I spent last Thursday soaking up words at Forest for the Trees, a whole-day seminar conducted by WritingNSW as part of the Sydney Writers’ Festival. Forest for the Trees brings together writers, publishers, and industry representatives to discuss the state of writing and publishing in Australia.
The program commences with a writer describing their journey to being published and how they stay on their path through the forest that is publishing. While the speakers’ pathways to getting published are as interesting as they are diverse (in the three years I have attended, vastly different pathways have been revealed), it’s the quotes speakers use to push their point home that I remember most.
So much can be relayed in a few well chosen words, and this year was no exception, with Julie Koh, author of Portable Curiosities and Capital Misfits, and one of The Sydney Morning Herald’s Best Young Australian Novelists of 2017, dishing out quotes thick and fast, telling it like it is.
I thought I’d share them, along with my own two cents worth of comment 🙂 :
- It’s okay to start late, and it’s okay to fail (something I struggle to remember).
- Sometimes you have to make sacrifices (and don’t we know it).
- Learn about writing and the industry ie. from festivals, courses, reading, twitter, professional memberships (let’s face it, finding out how the literary world works can be fun, and painful).
- Butter your own toast ie. don’t obsess how other writers work (my new favourite writing, make that life, quote. This one’s going up on my office wall).
- Book deals can be accidental (don’t you all wish one would accidentally drop into your lap?)
- It’s all about connections (you connect with people who understand your crazy need to do something that may not make you much, if any, money).
- You gotta have the hunger and the hustle. (Julie also said: “Preparation meets opportunity”, another good line to remember. There’s no shame in approaching key people).
- “When the Lord closes a door, he opens a window” (one straight out of The Sound of Music. Julie – Koh – referred to it as the scatter gun approach, spreading your work out wide. I must admit, I had a fleeting picture in my head of Julie – Andrews – fleeing from her hilltop meadow at the sound of gunfire 😉 )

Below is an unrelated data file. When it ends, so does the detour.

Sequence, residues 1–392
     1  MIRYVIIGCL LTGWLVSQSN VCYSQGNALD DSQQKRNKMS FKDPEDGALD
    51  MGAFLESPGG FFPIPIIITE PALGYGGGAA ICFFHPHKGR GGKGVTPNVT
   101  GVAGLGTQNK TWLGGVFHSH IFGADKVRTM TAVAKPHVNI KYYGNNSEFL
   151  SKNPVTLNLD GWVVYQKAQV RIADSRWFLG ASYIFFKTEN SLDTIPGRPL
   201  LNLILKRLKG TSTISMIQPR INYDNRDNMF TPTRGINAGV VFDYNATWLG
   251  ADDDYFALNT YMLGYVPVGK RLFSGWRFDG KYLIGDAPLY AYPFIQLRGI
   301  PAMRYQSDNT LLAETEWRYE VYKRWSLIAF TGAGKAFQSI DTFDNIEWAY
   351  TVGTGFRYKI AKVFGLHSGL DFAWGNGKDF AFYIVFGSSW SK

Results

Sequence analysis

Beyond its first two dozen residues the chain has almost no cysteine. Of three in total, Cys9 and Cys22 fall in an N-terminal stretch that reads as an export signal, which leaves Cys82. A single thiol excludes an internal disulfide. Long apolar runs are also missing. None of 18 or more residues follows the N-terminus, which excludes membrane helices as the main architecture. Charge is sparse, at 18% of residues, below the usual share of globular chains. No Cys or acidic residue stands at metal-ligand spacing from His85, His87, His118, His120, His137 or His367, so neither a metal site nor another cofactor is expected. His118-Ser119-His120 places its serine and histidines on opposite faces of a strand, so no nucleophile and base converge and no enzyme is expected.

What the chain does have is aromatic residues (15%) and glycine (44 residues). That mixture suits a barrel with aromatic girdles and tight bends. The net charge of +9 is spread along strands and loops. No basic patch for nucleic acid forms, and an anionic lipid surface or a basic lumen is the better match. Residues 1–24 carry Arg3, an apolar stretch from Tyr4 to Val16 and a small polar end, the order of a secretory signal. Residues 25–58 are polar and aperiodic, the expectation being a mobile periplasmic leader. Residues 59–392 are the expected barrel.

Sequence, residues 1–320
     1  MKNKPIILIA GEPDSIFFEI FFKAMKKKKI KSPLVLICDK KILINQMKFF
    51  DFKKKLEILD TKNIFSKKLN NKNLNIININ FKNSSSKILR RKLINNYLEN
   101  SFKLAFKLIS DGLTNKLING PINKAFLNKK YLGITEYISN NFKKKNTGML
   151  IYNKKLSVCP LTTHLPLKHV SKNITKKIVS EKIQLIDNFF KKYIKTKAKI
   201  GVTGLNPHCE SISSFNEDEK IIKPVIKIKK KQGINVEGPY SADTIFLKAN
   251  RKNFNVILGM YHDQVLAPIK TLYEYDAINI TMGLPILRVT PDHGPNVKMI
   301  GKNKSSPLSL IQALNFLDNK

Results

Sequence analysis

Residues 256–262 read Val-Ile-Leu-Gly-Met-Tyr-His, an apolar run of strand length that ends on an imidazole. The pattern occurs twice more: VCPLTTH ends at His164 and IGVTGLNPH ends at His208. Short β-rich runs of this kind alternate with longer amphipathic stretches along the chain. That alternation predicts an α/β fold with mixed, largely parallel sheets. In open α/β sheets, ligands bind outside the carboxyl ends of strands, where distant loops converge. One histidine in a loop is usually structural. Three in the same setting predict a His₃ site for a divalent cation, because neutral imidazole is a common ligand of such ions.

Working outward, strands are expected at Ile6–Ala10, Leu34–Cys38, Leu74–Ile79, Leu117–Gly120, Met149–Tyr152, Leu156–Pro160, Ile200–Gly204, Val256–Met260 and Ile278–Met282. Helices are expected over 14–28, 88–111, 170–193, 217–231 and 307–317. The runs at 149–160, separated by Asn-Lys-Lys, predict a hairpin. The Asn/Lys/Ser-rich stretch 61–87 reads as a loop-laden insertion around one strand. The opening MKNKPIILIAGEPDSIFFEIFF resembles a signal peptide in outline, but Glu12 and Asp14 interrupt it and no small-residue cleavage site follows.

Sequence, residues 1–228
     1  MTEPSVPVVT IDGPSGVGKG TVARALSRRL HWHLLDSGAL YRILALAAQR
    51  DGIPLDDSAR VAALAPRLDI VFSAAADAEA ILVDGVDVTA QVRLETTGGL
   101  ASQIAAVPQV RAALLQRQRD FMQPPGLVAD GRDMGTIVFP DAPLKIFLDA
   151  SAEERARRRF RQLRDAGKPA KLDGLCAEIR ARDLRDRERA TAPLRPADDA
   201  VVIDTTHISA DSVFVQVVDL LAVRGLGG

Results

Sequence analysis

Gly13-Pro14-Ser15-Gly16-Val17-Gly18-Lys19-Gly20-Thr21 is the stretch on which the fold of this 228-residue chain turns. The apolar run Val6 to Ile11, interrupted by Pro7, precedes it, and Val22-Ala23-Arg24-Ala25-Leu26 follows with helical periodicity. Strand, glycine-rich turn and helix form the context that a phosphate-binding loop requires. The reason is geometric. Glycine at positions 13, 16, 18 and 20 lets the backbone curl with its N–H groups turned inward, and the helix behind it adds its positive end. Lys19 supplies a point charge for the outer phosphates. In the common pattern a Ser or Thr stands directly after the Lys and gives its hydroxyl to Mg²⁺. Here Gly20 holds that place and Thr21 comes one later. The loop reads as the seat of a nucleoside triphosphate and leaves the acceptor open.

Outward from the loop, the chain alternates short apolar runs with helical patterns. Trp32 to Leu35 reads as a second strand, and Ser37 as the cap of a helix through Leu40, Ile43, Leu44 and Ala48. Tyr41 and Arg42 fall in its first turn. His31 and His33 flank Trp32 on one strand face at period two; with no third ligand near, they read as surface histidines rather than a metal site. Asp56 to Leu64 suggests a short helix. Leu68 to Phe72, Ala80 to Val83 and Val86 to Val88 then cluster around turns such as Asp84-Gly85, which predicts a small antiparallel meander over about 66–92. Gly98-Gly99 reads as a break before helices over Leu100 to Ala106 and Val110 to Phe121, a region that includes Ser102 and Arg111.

- Your first book is probably not a magic bullet (speaking of gunfire…but seriously, don’t we all wish for the first book to strike it big? Yeah, probably not gonna happen).
- Know that the joy of writing is in the writing. Everything else is noise (yes, yes, yes! And that’s why I blog, for the sheer joy of it – and to get out of housework).
- Say “Yes” until you can say “No” – but preserve your sanity first (in other words, do all you can in the quest for success but don’t run yourself into the ground for it).
- Get your financial house in order first (this is something I haven’t heard from many writers. Julie said: “You don’t know how hard it is until you try…I may become super famous or super homeless, or both”. It’s extremely hard to make a living from writing, so it is wise to ask yourself why you are doing it).
- Realize that the literary world is no mythic garden of noble unicorns (I wish, you wish, my daughter wishes…)
- Be savvy about publishers, agents, and contracts ie. what type of relationship do you want with publishers and agents? (Julie employed a publishing consultant to go through Julie’s first book contract).
- Don’t get sucked into the prize culture (it’s important to keep in mind the subjectivity that may come into play when awarding winners – each panelist has their own taste and bias).
- If you’re a writer of colour, know it will be harder for you eg. you may be defined by it when asked to appear on panels/as a speaker (and the times are not a-changing fast enough).
- Your book can be a business card (it may be the BEST business card for your writing career).
- “Writing is like driving at night in the fog.” (Ah, what a great one to end with, that famous quote from American novelist, E.L.Doctorow, the second line being: “You can only see as far as the headlights, but you can make the whole trip that way.”)
I’d like to add, and maybe make a career of it that way too.
Hope you’re driving well,
P.S. Writing quotes that mention food strike a chord with me. For some reason, I’m more likely to remember them. Wonder why 😉
Do you have a favourite writing quote? If so, I’d love to hear it!